Due to Christ’s one mediation, other references Christians find for their prayer and devotion take on meaning, first among them being the Virgin Mary, the Mother of Jesus. …
Mary is completely directed toward Him (see CCC, 2674) to such an extent that we can say she is more disciple than Mother. The directions she gave at the wedding at Cana: “Do whatever he will tell you.” She always refers to Christ. She is the first disciple. …
Jesus extended Mary’s maternity to the entire Church when He entrusted her to his beloved disciple shortly before dying on the cross. From that moment on, we have all been gathered under her mantle, as depicted in certain medieval frescoes or paintings. Even the first Latin antiphon — sub tuum praesidium confugimus, sancta Dei Genitrix: the Madonna who ‘covers,’ like a Mother, to whom Jesus entrusted us, all of us; but as a Mother, not as a goddess, not as co-redeemer: as Mother. It is true that Christian piety has always given her beautiful titles, as a child gives his or her mamma: how many beautiful things children say about their mamma whom they love so much! How many beautiful things. But we need to be careful: the things the Church, the Saints, say about her, beautiful things, about Mary, subtract nothing from Christ’s sole Redemption. He is the only Redeemer. They are expressions of love like a child for his or her mamma — some are exaggerated. But love, as we know, always makes us exaggerate things, but out of love.
What does all of this mean in the light of Catholic Tradition? Happily, this has been dealt with in a very gracious and scholarly manner in the excellent article “Observations on Pope Francis’ ‘March 24’ Comments” by Dr. Robert Fastiggi.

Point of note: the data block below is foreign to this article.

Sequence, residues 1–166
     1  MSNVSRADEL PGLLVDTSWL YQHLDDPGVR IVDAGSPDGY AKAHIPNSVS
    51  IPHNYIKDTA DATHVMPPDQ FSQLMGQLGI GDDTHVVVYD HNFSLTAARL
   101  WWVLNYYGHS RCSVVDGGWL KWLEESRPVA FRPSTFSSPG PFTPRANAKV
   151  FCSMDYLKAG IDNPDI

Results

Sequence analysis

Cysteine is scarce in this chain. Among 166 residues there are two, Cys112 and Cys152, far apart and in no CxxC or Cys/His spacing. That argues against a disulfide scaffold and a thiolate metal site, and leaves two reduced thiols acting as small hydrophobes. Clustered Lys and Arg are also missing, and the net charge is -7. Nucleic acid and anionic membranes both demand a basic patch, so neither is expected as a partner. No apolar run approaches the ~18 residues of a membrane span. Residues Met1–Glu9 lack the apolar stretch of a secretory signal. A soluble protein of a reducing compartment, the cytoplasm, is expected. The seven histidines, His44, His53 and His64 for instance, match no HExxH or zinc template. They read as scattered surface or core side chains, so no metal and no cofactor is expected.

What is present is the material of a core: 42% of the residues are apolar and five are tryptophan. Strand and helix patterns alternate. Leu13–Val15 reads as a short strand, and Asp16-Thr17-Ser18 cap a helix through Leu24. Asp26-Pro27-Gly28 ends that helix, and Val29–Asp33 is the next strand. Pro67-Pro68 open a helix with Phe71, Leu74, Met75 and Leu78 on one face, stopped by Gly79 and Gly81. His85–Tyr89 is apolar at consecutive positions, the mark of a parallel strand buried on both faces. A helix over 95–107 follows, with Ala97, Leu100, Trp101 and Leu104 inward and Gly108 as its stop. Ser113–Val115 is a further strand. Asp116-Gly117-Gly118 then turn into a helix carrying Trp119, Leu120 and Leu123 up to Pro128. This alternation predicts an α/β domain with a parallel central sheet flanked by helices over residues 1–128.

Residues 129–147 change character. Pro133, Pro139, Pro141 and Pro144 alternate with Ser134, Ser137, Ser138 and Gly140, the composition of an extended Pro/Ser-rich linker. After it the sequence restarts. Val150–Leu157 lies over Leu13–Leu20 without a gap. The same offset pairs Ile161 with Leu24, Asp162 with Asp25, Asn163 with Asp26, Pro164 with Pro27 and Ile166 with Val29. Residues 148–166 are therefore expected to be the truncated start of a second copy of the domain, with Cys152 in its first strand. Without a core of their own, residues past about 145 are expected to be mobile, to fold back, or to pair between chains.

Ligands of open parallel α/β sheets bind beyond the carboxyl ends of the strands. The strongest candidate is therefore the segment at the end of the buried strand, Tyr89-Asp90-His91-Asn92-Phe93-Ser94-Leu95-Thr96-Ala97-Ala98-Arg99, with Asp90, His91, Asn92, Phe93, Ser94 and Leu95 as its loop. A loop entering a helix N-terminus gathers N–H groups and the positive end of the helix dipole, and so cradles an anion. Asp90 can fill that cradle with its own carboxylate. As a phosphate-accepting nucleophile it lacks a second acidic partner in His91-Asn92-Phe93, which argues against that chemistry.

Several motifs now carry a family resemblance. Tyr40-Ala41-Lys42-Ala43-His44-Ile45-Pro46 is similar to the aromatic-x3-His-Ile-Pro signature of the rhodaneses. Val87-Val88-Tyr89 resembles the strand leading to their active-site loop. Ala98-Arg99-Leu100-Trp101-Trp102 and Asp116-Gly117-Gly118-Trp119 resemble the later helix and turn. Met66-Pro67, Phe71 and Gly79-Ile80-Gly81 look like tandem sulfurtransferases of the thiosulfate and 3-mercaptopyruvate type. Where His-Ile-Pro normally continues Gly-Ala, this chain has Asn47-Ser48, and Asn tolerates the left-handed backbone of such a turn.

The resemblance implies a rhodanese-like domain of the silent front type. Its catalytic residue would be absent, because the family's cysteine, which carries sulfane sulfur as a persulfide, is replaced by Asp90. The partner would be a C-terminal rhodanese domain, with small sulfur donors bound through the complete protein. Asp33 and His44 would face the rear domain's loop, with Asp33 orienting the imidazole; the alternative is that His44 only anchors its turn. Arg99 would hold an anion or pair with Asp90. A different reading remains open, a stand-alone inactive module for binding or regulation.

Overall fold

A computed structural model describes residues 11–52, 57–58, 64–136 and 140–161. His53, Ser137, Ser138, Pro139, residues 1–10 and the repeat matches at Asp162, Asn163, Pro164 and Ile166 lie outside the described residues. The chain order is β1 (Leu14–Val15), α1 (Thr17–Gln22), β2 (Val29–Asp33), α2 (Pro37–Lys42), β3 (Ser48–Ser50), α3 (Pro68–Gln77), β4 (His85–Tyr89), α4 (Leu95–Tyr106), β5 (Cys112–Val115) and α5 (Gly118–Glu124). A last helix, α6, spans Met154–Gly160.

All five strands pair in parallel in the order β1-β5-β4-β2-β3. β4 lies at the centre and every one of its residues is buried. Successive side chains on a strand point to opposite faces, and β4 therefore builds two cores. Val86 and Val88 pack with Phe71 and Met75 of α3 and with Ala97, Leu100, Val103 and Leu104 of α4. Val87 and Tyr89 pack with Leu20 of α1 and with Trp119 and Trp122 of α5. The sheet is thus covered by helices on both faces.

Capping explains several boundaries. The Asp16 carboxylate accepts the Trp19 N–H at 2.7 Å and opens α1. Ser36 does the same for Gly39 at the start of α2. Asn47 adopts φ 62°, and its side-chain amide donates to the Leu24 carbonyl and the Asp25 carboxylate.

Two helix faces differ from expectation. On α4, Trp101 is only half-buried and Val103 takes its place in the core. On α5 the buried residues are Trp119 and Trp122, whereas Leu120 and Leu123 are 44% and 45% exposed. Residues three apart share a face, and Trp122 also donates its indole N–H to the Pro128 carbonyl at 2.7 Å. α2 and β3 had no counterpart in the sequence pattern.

In the light of these very unfortunate tirades I believe it is necessary to clarify some very fundamental issues.
- Too many Catholics too readily assume that every word of the pope is effectively infallible, but there are very serious limits to papal infallibility. Such declarations do not meet them. Statements of popes, which contradict the received teaching of their predecessors, need to be scrutinized with very great care. The Tradition develops; it cannot contradict what is already established. Popes are to be guardians of the Tradition; they have no authority to change it.
- I believe that these statements of Pope Francis can in no way be held to be irreversible or infallible teaching, but unfortunately Catholics who do not know their faith well can be easily misled. For this reason, the struggle against the powers of darkness for the definition of the fifth Marian dogma has been rendered much more difficult because the impression has been given that the “official” Church opposes it in favor of political ecumenism.
Father Peter Damian’s Solution
Even though Father Peter Damian did not foresee this final stage of darkness in 2005 when he wrote this essay, he was still on the right track. Here is the heart of what he proposed:
On the basis of what I believe, on the basis of what I have heard during this Symposium in so holy and so Marian a place, and in the light of history, I would offer this suggestion for consideration as a conclusion to this Symposium. The first bears on doctrinal aspects of our Lady’s “unique cooperation in the work of salvation” and it is this: That the entire Church commit itself to preparing for a definition, as her number one priority absolutely. Only thus will Christ’s command to Francis “to rebuild His Church” (still valid), repeated to Sr. Lucy in slightly different form, viz., that all must work for the triumph of Immaculate Heart in the Church, that this triumph is the condition for all the blessings promised, be fulfilled. This in fact corresponds exactly to St. Paul, Eph. 5:27: Christ gave His life for the Church that she might be sine macula et sine ruga, that is, a reflection and extension of His Virgin Mother, the Immaculate Conception.